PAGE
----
The Boxer” is a folk rock ballad written by Paul Simon in 1968 and first recorded by Simon & Garfunkel. It was released as the follow-up single to their number one hit “Mrs. Robinson”, and reached #7 in the US charts. It later appeared on their last studio album, Bridge over Troubled Water, along with its B-side “Baby Driver”. It is particularly known for its plaintive refrain, in which the singer sings the tune as ‘lie-la-lie’, accompanied by a heavily-reverbed drum (work of Hal Blaine), and the memorable guitar finger-picking by Simon and guitarist Fred Carter, Jr.. Rolling Stone ranked the song #105 on their list of the 500 Greatest Songs of All Time
The original recording of the song is one of the duo’s most highly produced, and took over 100 hours to record. The recording was performed at multiple locations, including Nashville, St. Paul’s Chapel in New York City, and Columbia studios.
The version originally released on single by the duo features an instrumental melody played in unison on pedal steel guitar and piccolo trumpet. The song also features a bass harmonica heard during the second and final verses. On the BBC, Paul Simon had Garfunkel’s instrumental solo played with a soprano saxophone.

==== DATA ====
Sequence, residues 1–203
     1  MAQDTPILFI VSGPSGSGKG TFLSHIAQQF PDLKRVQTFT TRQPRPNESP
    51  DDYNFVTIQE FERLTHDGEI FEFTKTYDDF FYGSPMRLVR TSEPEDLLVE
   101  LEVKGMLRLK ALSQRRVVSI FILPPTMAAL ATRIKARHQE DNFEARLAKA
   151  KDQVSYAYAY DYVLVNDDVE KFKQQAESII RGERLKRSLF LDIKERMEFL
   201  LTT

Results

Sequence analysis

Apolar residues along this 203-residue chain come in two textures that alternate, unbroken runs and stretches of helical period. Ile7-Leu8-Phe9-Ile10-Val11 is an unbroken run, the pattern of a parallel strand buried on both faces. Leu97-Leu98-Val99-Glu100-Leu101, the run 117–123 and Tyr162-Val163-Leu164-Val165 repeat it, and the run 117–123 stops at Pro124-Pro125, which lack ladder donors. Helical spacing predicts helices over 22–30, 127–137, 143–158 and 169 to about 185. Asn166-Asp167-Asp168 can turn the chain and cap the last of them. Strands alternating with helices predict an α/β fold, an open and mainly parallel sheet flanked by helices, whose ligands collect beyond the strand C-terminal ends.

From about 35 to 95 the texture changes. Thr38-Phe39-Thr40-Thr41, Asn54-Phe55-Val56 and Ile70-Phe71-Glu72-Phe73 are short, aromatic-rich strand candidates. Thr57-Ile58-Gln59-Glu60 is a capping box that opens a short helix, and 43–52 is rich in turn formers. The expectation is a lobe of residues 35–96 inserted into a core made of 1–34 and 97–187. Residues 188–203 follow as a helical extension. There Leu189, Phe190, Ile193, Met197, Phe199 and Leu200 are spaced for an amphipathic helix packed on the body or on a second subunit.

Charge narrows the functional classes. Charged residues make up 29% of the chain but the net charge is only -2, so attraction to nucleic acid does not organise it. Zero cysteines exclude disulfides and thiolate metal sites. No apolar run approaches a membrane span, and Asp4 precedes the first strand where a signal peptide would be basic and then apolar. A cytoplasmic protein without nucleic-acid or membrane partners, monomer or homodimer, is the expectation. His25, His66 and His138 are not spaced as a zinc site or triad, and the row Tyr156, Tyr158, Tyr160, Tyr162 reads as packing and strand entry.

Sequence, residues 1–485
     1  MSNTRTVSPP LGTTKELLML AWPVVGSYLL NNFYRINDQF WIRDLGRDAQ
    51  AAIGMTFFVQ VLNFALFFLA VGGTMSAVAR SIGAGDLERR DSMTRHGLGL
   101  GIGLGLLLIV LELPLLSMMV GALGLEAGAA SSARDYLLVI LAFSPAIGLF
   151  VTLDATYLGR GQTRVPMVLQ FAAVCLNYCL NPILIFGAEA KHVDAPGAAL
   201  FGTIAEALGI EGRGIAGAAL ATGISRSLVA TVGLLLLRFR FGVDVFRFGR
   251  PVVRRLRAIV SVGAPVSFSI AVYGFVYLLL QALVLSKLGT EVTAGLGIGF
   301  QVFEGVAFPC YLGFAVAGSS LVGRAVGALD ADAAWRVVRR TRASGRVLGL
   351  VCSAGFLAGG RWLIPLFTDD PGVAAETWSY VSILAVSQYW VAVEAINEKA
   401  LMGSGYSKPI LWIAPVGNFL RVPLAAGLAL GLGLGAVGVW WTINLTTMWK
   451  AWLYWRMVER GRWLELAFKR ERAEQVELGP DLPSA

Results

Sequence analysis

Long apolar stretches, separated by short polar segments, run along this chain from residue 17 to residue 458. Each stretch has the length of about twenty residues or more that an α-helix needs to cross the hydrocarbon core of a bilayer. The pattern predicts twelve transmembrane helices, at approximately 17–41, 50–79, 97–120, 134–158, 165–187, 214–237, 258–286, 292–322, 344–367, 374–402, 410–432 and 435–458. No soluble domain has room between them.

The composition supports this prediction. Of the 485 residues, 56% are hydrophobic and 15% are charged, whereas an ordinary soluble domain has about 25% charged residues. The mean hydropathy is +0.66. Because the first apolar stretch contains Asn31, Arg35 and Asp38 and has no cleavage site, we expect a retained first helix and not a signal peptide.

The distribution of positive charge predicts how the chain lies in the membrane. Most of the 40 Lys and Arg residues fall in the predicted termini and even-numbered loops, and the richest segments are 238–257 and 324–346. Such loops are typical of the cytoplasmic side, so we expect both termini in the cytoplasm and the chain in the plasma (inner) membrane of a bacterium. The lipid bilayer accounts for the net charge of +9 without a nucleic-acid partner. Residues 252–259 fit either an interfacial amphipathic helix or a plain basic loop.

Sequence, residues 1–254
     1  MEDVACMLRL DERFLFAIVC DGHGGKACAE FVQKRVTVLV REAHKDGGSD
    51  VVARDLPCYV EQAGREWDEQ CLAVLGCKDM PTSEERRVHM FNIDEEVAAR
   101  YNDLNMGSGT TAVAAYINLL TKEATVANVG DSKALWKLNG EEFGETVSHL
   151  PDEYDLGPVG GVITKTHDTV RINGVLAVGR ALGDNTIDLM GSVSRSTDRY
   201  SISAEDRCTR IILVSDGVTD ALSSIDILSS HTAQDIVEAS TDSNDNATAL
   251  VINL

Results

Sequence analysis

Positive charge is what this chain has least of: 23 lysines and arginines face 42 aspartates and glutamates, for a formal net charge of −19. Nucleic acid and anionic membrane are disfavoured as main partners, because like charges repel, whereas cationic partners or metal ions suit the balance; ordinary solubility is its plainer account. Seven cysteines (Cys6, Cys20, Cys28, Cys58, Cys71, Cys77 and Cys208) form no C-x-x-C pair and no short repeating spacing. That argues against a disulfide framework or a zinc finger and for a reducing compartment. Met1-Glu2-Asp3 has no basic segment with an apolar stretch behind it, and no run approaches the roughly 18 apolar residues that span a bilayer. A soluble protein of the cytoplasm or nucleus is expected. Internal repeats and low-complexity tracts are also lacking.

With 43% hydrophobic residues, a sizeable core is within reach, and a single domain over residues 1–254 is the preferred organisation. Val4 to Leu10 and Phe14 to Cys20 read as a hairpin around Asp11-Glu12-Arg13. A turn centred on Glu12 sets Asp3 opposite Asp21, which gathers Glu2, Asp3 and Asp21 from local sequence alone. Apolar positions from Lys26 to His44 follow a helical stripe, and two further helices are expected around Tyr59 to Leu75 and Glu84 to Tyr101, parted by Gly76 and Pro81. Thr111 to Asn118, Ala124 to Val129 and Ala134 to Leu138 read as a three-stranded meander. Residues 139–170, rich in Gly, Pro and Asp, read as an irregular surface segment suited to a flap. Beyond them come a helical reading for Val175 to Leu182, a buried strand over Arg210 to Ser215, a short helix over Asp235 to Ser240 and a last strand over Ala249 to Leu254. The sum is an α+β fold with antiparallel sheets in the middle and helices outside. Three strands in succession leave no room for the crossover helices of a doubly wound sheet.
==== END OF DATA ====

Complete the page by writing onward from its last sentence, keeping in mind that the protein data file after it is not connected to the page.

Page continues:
The song’s lyrics take the form of a first-person lament, as the singer describes his struggles to overcome loneliness and poverty in New York City. The final verse switches to a third-person sketch of a boxer, who, despite the effects of “every glove that laid him down or cut him till he cried out”, perseveres. At the last we are told the boxer cries out, “I am leaving, I am leaving” — “but”, the lyrics continue, “the fighter still remains.”
The chorus of the song is wordless, consisting of a repeated chant of “lie-la-lie”. Simon stated that this was originally intended only as a placeholder, but became part of the finished song. (source Wikipedia)